If you remember we suffered a major blanket mayhem when we welcomed Luna, our crazy Jack Russell lady, in our home. We were ok during these past few months as we had an actual summer in Ireland. But temperature has dropped like 20 degrees overnight. And we now suffer from chilly knees when watching intellectually challenging television programmes at night. That’s why I put into motion the largest scale quilt making campaign ever known in this house. That is: I made one quilt.
It was meant to be a cheap and quick project, a taster to make sure I should engage into more challenging quilt designs. So this is basically made of a fleece blanket (shopped at Ikea) and some polycotton in sage. Now of course I screwed up my measurements and didn’t have enough fabric to cover the full blanket, let alone add binding. So this was also an over simplified version of a basic quilt: two rectangles stitched together with a layer of fleece in between the layers. I love how it turned out. Even if the padding is quite thin, the quilting itself gives it some thickness. It is soft and warm. I was also happy with the slightly contrasting thread I used for the quilting. Even so that I want to make more of those.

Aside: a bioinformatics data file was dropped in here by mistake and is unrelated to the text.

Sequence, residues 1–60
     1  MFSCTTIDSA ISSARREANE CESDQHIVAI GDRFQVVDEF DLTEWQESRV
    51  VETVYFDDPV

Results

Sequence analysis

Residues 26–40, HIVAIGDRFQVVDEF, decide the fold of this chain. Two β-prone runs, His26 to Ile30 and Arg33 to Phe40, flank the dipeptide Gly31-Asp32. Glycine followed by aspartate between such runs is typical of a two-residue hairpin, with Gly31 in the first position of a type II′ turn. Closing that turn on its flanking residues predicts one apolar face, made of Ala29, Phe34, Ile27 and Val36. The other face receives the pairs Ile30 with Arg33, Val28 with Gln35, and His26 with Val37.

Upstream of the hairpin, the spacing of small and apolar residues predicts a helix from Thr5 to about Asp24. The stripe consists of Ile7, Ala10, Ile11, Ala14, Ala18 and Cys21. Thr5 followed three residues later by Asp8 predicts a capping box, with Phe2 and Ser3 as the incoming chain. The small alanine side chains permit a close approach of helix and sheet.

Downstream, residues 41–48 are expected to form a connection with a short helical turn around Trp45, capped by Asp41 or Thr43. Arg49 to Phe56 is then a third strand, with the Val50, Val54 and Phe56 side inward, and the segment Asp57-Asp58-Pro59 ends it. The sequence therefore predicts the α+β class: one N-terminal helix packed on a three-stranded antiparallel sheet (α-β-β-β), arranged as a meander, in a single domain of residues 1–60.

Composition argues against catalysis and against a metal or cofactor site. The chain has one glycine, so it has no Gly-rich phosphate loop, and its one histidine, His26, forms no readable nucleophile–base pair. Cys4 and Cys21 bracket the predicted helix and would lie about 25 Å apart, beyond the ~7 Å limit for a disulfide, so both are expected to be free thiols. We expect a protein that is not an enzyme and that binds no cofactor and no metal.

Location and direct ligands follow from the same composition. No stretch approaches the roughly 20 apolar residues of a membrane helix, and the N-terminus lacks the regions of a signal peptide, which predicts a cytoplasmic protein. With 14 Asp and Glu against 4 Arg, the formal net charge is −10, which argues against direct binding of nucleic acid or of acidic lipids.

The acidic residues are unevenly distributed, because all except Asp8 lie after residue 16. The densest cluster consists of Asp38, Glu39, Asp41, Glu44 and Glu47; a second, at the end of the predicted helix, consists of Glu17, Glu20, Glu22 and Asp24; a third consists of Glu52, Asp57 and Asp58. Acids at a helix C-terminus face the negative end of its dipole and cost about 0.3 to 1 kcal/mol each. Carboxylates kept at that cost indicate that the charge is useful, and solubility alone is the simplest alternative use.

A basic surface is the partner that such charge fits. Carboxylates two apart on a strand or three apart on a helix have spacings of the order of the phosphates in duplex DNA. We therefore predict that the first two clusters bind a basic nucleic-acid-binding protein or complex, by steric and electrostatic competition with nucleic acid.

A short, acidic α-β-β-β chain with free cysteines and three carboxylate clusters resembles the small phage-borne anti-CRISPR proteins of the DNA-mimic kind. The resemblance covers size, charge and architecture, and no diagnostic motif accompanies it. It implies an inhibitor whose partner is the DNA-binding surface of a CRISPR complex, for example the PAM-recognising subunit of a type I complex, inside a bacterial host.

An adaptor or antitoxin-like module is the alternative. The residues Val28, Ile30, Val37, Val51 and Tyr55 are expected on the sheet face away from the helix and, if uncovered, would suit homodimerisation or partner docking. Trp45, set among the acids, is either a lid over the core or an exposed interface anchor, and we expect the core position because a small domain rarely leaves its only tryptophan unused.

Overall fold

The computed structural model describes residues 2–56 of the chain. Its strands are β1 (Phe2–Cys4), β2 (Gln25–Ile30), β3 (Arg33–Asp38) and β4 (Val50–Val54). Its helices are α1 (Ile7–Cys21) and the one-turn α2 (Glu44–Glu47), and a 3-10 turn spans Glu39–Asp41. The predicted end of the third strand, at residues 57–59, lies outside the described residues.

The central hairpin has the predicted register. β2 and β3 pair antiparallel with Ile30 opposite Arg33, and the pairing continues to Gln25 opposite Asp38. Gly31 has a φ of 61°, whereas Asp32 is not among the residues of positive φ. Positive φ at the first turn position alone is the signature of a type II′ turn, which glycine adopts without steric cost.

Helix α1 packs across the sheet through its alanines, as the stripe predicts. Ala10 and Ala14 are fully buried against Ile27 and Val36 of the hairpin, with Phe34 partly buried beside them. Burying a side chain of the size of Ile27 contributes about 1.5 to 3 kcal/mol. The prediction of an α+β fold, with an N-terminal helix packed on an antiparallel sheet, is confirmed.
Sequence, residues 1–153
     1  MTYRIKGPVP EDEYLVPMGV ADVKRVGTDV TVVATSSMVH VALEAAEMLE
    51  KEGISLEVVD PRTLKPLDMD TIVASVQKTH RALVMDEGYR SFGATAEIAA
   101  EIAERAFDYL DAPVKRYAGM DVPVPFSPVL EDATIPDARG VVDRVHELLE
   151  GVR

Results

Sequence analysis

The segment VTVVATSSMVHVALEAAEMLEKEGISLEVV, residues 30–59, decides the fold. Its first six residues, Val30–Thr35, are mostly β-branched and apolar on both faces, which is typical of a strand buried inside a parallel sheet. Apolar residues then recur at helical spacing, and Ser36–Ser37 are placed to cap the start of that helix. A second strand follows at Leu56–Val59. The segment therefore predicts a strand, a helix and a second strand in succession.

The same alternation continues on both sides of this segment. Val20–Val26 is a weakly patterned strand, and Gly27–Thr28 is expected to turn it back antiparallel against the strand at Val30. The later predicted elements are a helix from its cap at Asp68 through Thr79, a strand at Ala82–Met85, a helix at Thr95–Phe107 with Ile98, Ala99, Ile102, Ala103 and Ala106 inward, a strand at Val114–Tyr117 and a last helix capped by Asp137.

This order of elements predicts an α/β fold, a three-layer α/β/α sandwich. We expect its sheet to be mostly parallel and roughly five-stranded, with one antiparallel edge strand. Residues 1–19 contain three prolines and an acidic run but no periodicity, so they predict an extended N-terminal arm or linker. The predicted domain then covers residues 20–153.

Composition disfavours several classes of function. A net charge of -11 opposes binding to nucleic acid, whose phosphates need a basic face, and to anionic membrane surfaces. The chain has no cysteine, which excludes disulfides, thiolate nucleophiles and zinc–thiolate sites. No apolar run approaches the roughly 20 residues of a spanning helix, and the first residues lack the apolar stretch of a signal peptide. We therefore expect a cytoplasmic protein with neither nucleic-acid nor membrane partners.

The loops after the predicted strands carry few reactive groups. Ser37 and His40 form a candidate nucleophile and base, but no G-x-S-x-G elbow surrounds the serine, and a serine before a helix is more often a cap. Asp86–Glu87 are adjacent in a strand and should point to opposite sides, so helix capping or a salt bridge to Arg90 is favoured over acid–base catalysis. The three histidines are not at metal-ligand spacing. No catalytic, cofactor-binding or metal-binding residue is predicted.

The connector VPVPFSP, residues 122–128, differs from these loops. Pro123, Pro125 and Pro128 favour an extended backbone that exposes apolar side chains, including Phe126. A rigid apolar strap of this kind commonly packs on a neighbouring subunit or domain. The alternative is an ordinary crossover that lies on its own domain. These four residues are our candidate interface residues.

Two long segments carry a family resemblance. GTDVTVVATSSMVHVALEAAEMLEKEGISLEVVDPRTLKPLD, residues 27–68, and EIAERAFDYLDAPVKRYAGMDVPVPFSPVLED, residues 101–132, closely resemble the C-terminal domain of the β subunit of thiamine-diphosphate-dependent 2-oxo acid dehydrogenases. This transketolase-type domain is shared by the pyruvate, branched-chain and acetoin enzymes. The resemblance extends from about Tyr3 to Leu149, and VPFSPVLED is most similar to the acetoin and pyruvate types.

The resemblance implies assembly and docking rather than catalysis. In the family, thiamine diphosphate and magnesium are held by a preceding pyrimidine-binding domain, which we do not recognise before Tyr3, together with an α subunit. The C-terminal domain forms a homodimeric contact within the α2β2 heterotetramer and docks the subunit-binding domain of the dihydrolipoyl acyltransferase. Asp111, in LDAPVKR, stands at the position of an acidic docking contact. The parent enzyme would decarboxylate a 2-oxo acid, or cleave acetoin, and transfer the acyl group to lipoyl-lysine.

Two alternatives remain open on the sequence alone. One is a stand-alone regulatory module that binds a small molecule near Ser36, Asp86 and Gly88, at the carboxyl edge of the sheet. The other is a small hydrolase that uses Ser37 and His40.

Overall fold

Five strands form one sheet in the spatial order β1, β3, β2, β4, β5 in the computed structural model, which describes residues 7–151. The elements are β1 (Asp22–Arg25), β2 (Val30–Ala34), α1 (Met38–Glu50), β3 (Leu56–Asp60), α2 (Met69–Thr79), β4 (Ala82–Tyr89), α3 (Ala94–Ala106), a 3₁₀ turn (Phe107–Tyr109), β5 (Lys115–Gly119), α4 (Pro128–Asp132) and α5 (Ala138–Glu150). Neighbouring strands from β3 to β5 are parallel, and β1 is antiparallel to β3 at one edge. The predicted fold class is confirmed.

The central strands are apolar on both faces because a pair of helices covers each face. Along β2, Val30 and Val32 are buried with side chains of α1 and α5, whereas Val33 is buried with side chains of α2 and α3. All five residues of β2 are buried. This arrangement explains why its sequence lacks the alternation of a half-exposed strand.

However I learned my first few quilting lessons:
- I now know from the bottom of my crushed soul why quilters add binding after quilting. With my set up I ended up with some creases where the fabric has slid. As the sides were not open they had no where to go, poor little things!
- Simple wavy quilting is nice. But I would have achieved a nicer look if I had drawn the pattern on the fabric beforehand. Because while you’re focussed on quilting you can’t step back to get the full picture and figure out if you need a bit more curvy wave here and there.
- Dog are evil. The blanket had been sitting on the sofa for a grand total of 20 minutes when I found Luna chewing on it! She’s now banned from the sofa. Most of the time at least. Anyone knowing of some dog repellent spray?
Good news is I found two or three blankets that will be perfect candidates for my future experimentations.